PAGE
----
CLAWS OUT: With domestic cats taking a toll on our wildlife Is it time for a cat curfew?
CLAWS OUT: With domestic cats taking a toll on our wildlife Is it time for a cat curfew? Contributed

Do we need a cat curfew to save our local wildlife?

CLAWS came out when we asked if Byron Shire should impose a cat curfew to safe our local wildlife.

One Byron local sent Byron Shire News a picture of a moggy with a native bush rat in its mouth near the Sunrise Estate in Byron this week which prompted us to ask on social media:

"In Byron Shire we live in an environment chockers with native wildlife. Do we need a curfew here to save our wildlife?”

The 184 who have so far responded are overwhelmingly in favour of cat curfews not only for the safety of wildlife buts also for the wellbeing of cats themselves.

Not all domestic cats kill wildlife but here in Byron Shire nestled in between the coast and the hinterland domestic cats can play havoc.

CAUGHT: Patrick Halliday from Juno Energy  took this picture of a local Byron moggy with what appears to be a bush rat in its mouth about 6am one morning this week.
CAUGHT: Patrick Halliday from Juno Energy took this picture of a local Byron moggy with what appears to be a native bush mouse about 6am one morning this week. Patrick Halliday

A new book, Cats in Australia: Companion and Killer spells out the damage done by our feline friends.

Feral cats out in the bush slaughter an alarming 740 animals per year while domestic cats kill about 75 animals annually.

The cold hard fact is that cats kill more than 3 million mammals, 2 million reptiles and 1 million birds every day and have been responsible for around 20 of our mammal extinctions over the last 200 years.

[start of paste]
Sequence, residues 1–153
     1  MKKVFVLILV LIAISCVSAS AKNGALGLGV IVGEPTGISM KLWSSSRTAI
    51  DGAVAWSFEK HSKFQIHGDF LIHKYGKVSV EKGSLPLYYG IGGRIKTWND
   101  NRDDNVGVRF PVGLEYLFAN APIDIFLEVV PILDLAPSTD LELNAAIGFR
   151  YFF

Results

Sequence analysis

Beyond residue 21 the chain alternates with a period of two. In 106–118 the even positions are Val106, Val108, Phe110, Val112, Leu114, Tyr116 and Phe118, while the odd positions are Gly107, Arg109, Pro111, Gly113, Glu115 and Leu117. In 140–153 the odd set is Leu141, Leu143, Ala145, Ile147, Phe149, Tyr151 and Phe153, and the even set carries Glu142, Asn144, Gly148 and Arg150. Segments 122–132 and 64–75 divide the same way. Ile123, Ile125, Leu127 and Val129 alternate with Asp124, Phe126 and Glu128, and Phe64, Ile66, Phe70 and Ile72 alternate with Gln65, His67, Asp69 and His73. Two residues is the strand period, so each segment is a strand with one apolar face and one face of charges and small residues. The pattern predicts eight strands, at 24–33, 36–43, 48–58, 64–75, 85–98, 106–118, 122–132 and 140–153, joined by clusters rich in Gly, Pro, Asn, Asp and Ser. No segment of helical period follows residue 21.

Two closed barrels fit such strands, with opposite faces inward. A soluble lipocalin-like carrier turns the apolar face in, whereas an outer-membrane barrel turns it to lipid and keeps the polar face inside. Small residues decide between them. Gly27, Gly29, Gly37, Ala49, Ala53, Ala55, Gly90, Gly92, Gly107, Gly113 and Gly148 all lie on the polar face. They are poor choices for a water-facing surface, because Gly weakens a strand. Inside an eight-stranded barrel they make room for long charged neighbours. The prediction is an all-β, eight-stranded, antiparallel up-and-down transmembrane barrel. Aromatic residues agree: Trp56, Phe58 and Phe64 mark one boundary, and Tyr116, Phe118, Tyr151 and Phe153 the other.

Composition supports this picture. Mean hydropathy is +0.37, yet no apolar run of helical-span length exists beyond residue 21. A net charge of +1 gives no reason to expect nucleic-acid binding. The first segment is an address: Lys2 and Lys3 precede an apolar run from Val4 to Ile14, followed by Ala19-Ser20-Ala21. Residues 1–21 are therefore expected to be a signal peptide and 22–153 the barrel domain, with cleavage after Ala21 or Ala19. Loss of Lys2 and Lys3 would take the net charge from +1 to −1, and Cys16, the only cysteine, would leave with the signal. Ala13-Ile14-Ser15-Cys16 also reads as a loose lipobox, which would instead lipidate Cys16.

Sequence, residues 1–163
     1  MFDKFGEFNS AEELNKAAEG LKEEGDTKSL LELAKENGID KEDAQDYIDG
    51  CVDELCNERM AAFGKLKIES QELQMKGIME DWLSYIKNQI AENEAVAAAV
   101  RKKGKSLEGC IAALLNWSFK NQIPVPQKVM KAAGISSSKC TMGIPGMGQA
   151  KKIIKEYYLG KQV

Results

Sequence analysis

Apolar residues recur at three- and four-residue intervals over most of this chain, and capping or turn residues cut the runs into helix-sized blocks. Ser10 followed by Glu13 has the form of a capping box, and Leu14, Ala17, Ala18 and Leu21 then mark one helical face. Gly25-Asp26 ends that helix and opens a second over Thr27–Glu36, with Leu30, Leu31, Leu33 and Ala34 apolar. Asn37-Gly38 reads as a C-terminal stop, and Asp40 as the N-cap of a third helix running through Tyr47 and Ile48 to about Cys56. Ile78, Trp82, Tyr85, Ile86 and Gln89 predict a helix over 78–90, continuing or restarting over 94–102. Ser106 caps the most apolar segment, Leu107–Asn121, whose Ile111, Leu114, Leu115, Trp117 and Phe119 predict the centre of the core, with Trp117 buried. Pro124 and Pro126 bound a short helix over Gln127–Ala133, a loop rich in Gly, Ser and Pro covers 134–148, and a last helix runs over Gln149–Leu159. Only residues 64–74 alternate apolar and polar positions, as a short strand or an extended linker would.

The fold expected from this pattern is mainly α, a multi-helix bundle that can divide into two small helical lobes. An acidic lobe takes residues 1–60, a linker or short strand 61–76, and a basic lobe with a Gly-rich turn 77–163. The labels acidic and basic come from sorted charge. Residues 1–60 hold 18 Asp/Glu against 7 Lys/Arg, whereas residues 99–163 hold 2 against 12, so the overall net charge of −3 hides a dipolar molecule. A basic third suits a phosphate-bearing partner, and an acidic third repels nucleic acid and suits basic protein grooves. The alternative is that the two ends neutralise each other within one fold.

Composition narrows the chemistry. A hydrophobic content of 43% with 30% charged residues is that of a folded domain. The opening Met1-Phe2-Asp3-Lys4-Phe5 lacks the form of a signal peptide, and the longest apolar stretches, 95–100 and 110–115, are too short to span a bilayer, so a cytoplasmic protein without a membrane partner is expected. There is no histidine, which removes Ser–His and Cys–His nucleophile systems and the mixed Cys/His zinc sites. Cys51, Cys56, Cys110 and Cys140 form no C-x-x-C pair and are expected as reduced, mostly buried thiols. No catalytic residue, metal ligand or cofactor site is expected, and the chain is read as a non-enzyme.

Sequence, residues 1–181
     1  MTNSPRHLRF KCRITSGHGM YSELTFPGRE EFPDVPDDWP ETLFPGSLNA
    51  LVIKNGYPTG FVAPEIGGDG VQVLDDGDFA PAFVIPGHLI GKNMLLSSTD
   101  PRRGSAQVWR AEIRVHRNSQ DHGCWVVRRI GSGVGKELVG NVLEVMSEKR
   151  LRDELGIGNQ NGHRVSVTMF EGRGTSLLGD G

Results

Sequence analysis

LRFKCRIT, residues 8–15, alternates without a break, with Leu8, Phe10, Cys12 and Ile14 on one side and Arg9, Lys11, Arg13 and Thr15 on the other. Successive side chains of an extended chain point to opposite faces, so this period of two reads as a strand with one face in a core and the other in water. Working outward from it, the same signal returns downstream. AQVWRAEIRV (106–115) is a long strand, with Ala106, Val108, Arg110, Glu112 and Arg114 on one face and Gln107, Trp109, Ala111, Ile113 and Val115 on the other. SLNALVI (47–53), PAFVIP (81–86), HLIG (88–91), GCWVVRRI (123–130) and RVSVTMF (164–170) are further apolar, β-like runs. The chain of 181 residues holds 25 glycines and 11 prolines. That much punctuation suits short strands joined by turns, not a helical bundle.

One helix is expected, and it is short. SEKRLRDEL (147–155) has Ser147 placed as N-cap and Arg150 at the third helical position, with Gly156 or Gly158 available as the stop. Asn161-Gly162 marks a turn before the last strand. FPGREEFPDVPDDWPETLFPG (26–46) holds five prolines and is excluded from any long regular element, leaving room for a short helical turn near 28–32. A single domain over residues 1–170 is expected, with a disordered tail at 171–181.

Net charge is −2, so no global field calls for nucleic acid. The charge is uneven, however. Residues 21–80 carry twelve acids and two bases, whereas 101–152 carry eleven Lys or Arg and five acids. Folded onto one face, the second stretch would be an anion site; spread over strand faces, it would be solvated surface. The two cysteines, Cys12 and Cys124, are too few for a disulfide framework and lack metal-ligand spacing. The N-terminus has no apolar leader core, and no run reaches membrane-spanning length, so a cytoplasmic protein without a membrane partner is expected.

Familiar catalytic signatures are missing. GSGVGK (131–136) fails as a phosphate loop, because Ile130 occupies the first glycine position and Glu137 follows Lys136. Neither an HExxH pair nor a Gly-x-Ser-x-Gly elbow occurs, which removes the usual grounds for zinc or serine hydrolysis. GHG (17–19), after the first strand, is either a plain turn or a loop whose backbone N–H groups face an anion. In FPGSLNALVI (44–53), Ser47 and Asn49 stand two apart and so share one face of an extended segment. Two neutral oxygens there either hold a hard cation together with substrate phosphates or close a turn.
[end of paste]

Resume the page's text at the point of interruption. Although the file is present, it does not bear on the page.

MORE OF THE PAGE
Mount Barker Council in South Australia has just announced it will be cracking down by passing laws restricting the number of cats allowed per propoerty and enforcing an 8pm - 7am curfew on cats.

There will be penalties for owners who do not comply and they are looking at covert surveillance of suspected nuisance cats.

So how do you keep a cat under curfew?

One local vet agreed to speak to us on the condition of anonymity, such is the passion aroused by questions of cat curfews, gave us some practical tips for keeping your cat indoors.

"If you intend keeping your cat indoors its best to do that from a very early age,” the vet said.

"Aside from protecting wildlife, it keeps the cats safe. We get a huge number of cats hit by cars, bitten by snakes and attacked by dogs and it can be very expensive for owners.

"Cats are also more territorial than dogs so it is best to keep just one cat indoors, as there will always be one pining to get out and find their own territory.

The vet recommended plenty of stimulation for indoor cats such as toys and for owners to play with their cats.

"Aside from a large enclosed outdoor run owners could rig up an enclosed cage on a winddow or even a platform near a window so the cats can see outside.

The vet also said there was no evidence that feeding your cat large amounts of red meat would stop them hunting, nor would de-sexing.

Here in Byron Shire the council's Pest Animal Management plan for dealing with feral cats includes a number of tequniques being trialled to control feral cat numbers

But the plan recognises that domestic cats often stray over to the dark side to kill the same way feral cats do noting "there is an absence of strong measures to prevent recruitment (to the feral cat population) from the pet and stray population.”

Domestic cats instead are subject to the Companion Animals Act that states a cat must have identification that enables a local authority to ascertain the name of the cat and the address or telephone number of the owner.